Taking a chance on Bank of America
Acquisition of lender’s shares could prove to be a good deal for those seeking both capital appreciation and dividend growth
Co-editors of Contra the Heard Investment Letter
With the market still in the throes of despair from 2008’s epic plunge, we acquired Bank of America Corp. (BAC-NYSE) at a tally of US$6.76 in 2011. Very soon after, Warren Buffett announced he was also a shareholder in the venerable institution. While we purchased the common shares, the Oracle of Omaha bought preferreds and warrants, which has worked out smartly for him. Our deal also appears to be a major win, with the shares trading around US$28 even after a drop of more than 10 per cent during the recent market tumult. Of course, we did not invest US$5-billion as the sage of value investing did. Truth be told, our accounts simply don’t hold that kind of lucre. Alas, nor will they tomorrow.
One reason this investment was a favourite of ours, and we acknowledge that the logic can be perceived as simplistic, is that this is the Bank of America. Failure with that title would have been a blow to America’s ego. Being the self-defined “greatest country in the world” is of major importance to our neighbours and if your namesake enterprise (established in 1874) topples, that would be a definitive chink in the armour.
When our procurement of the stock was made, the dividend was a paltry penny a quarter. It was easy to be confident that if the bank recovered, that token would increase. It has risen – four times – to the current payout of 15 US cents a quarter. Before the 2008 blowout, the quarterly dividend was 64 US cents and while that is unlikely to be achieved again, given that the share count has more than doubled in the past decade, further escalations are likely.
From this angle, the U.S. economy appears to be heading into turbulent waters.
The country is stacking majorleague debts on top of a gigantic pile that it can ill-afford, especially with interest rates nudging up. While the rich get richer, a huge swath of the populace is not getting ahead or is doing worse. In our minds, it is the people in the middle class and toward the bottom who drive an economy – when they gain disposable income, they tend to spend it.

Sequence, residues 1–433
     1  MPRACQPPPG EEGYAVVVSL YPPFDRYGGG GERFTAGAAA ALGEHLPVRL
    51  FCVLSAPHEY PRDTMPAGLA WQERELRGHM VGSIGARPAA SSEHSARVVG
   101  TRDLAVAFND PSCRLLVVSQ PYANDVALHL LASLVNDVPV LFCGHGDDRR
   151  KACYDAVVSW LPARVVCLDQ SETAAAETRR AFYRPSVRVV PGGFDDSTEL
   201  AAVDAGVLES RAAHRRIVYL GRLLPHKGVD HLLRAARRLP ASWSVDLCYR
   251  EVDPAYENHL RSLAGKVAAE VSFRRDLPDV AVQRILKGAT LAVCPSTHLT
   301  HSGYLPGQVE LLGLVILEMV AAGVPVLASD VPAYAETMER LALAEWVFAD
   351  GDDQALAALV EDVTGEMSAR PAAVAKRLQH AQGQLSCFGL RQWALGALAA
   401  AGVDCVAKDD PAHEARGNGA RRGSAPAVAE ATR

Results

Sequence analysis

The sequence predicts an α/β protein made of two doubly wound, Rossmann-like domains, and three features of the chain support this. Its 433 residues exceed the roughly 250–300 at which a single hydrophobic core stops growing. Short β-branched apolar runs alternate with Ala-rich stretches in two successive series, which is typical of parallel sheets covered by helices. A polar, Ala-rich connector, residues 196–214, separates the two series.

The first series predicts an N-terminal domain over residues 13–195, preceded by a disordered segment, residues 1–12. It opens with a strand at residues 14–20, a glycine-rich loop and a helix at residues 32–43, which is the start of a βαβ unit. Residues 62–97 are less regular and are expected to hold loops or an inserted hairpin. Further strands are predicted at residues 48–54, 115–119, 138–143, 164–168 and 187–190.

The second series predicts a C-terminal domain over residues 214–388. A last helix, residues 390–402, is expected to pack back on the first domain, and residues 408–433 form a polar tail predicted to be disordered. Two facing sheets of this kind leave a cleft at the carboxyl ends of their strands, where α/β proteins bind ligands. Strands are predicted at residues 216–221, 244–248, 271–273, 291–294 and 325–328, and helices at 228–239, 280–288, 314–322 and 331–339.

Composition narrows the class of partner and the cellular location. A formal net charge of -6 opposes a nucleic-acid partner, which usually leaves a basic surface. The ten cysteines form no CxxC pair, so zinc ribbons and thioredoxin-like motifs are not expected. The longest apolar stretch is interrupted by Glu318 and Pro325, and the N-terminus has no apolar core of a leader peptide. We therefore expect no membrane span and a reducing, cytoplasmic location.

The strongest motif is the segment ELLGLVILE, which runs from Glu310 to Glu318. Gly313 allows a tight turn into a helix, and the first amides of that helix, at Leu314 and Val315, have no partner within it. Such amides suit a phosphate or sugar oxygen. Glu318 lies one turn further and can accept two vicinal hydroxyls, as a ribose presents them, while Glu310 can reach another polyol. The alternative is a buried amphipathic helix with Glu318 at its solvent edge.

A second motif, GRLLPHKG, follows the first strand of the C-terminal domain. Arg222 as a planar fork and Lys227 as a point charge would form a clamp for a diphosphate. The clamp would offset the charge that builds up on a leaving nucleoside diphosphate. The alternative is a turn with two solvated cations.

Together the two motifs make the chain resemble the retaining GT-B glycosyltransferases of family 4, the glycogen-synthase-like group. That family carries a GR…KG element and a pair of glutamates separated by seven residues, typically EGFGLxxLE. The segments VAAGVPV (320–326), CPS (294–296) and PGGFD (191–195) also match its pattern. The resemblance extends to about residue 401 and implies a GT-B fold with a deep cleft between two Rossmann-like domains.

Plus, the U.S. banking system seems to face major challenges every couple of decades or so. Certainly, some of it is because of recessions, but much of the damage is internally inflicted as higher returns are chased during the go-go times. That often turns out to be a mistake.
Ultimately, when the economy does turns south, banks will have their problems. Bank of America will not be immune, but if Brian Moynihan continues to guide the ship, his stewardship should diminish the damage. He has been chief executive since 2010 and chair since 2014; at 58 years of age, he should have some mileage left in his career. Of course, whether he chooses to spend many more of them at the bank is an open question.
The recent quarterly results were excellent. Net income rose 32 per cent to US$7.2-billion, loans were up 6 per cent and deposits 4 per cent. Merrill Edge, the bank’s discount-broker subsidiary, saw assets jump 22 per cent past the US$200-billion mark.
Although our gain thus far of 322 per cent is huge, our initial sell target on Bank of America is US$38.74. That projects a further upside of 36 per cent. If we are correct, and of course there is no guarantee, that will be sweet especially if it occurs in the next few years.
Throw on top further dividend hikes, and like whipping cream atop a thick chocolate shake, this could prove to be a savoury deal for investors seeking both capital appreciation and dividend growth.
A customer leaves a Bank of America ATM kiosk in Boston in October, 2017. The lender was a favourite of the Contra Guys as it simply came down to the idea that no one would allow the United States’ namesake enterprise to fail, as that would have been a blow to America’s ego.